## Is there always a combination of modulation errors that may be difficult to separate and identify?

In practice, there is always a combination of modulation errors that may be difficult to separate and identify, as such, it is recommended to evaluate the measured constellation diagrams using mathematical and statistically methods.

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## What is quadratic modulation?

Quadrature modulation methods are some combination of single-level or multilevel shift keying methods. Quadrature amplitude modulation (QAM) is most common; this technique is really a combination of N-level MASK with BPSK. At the receive side, this gives N 2 possible logic states that can be transmitted in a communications channel. The possible list of states can be visualized using a constellation diagram, which shows the list of possible states.

## What is QAM in 5G?

This modulation technique is used in 5G, where 64-QAM or 256-QAM is used in different frequency channels to provide multiple bit streams with a high data rate. Carrier aggregation provides another doubling of the data rate, ultimately reaching Gbps levels over the air.

## What is shift keying?

In this method, the transmitted signal is shifted between multiple phase levels and multiple amplitude levels , rather than having two different ASK signals that are out-of-phase.

## What is pulse code modulation?

Pulse code modulation methods use a stream of pulses rather than a sinusoidal carrier signal to transmit data. In these modulation schemes, the pulse stream is modulated by varying the pulse duration (pulse duration modulation, or PDM), phase between pulses (pulse phase modulation, or PPM), frequency (pulse frequency modulation, or PFM), or amplitude (pulse amplitude modulation, or PAM). Digital PAM is the method used today to transmit high data rates in Gbps channels over copper and fiber, and it may be the key to getting to 224 Gbps and higher data rates.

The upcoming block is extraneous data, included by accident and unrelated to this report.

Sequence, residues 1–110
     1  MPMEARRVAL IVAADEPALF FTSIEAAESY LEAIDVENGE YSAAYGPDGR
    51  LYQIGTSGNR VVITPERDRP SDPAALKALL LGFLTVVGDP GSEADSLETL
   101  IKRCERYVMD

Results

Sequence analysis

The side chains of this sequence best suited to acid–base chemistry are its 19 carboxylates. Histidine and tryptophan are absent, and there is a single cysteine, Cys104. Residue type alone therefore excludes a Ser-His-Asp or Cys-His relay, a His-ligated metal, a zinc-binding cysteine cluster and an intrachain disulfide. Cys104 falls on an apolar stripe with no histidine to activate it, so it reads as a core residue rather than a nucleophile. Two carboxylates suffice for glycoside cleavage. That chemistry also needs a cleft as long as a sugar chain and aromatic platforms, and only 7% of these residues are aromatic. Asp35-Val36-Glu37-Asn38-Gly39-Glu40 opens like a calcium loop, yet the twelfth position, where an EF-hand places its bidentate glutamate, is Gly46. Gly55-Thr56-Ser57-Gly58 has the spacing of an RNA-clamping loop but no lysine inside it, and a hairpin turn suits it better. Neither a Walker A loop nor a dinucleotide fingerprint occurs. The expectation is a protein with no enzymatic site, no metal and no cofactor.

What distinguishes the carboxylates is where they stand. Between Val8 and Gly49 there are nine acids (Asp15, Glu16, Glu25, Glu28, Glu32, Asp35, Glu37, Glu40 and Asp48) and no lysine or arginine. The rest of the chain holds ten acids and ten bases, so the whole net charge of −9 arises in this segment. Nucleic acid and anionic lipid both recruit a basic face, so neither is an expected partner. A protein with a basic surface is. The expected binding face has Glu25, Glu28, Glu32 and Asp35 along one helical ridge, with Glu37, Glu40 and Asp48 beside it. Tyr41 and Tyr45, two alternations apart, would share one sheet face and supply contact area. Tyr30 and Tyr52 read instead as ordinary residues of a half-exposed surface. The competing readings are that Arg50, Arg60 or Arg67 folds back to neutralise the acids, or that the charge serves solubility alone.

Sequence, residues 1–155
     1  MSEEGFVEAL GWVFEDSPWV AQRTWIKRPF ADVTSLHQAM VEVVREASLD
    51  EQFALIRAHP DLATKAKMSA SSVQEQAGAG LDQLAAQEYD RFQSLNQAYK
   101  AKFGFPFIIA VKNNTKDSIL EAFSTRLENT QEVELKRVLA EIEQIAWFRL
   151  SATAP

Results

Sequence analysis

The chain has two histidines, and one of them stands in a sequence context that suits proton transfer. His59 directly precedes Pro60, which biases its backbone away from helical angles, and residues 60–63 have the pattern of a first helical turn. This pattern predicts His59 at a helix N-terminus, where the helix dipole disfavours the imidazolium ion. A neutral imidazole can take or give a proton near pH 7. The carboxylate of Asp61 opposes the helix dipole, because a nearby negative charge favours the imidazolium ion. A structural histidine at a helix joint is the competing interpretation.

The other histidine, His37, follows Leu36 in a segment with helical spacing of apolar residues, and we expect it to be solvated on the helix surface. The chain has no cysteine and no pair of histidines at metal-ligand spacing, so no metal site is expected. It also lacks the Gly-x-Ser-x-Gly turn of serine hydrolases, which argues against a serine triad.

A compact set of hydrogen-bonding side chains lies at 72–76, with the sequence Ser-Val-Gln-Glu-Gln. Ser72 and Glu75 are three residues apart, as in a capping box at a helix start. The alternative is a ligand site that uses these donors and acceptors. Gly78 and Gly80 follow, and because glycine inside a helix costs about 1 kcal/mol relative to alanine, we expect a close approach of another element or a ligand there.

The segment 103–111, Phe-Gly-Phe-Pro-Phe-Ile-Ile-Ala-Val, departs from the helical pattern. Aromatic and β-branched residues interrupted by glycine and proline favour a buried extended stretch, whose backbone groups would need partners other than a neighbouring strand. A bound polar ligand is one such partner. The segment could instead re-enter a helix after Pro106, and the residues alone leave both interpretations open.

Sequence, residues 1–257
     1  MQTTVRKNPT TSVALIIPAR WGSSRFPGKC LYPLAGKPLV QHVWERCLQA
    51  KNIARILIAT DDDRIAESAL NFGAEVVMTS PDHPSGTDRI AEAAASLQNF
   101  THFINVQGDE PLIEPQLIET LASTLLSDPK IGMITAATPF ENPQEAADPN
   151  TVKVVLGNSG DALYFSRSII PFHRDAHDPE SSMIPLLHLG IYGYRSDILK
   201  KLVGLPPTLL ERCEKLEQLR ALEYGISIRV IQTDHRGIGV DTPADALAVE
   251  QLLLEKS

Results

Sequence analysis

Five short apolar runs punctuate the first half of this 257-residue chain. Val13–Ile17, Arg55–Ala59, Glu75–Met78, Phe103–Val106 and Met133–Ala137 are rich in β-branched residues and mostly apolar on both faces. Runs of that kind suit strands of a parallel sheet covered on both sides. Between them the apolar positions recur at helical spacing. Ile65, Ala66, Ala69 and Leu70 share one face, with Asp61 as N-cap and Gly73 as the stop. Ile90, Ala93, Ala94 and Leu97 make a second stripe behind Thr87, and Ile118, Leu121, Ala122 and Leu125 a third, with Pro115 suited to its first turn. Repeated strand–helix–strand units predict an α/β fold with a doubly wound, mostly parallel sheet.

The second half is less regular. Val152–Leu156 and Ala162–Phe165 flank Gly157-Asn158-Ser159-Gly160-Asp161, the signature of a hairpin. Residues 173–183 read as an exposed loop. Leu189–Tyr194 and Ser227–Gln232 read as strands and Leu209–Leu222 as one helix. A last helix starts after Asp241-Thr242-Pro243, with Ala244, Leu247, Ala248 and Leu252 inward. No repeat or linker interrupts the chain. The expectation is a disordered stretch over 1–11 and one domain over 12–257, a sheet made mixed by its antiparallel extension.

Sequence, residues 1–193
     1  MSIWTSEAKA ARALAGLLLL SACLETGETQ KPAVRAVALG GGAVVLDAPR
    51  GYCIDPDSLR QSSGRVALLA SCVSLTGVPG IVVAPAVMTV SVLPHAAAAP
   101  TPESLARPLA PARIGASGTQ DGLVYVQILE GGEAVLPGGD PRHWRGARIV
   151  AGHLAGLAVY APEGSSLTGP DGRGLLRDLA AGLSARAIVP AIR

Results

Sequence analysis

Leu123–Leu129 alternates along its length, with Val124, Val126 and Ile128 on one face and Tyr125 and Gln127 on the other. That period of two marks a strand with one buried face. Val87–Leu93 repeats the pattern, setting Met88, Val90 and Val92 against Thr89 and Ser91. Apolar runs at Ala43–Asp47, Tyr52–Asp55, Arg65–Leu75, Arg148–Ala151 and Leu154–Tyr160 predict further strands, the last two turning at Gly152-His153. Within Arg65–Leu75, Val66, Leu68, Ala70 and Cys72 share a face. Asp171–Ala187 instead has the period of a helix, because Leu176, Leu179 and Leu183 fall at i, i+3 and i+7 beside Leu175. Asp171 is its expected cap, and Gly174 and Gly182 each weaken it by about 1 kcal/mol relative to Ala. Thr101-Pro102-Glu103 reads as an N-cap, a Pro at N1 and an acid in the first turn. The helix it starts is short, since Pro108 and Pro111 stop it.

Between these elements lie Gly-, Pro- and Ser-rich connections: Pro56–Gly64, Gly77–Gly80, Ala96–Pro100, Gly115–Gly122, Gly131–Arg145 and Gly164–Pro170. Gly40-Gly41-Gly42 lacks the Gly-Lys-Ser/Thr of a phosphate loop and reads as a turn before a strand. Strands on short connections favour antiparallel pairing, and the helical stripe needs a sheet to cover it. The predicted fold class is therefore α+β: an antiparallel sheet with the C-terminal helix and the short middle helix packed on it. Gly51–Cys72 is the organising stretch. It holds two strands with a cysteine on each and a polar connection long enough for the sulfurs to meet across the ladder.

## What is modulation in communication?

Modulation refers to the technique of mixing two signals to transmit information. The two signals that are used in modulated communication are the carrier signal and the information signal. The only difference between analog and digital modulation is found in the information signals. In digital modulation, the information signal takes discrete levels, while in analog modulation, the information signal has no discretization and can take any level. The information signal is then used to modulate (vary) the phase, amplitude, and/or frequency of the carrier signal.

## What is the purpose of digital modulation in wireless systems?

Wireless and fiber systems use digital modulation formats to transmit at high data rates.

## What are the two types of modulation methods?

Modulation methods are divided into digital and analog formats.

## What is constellation diagram?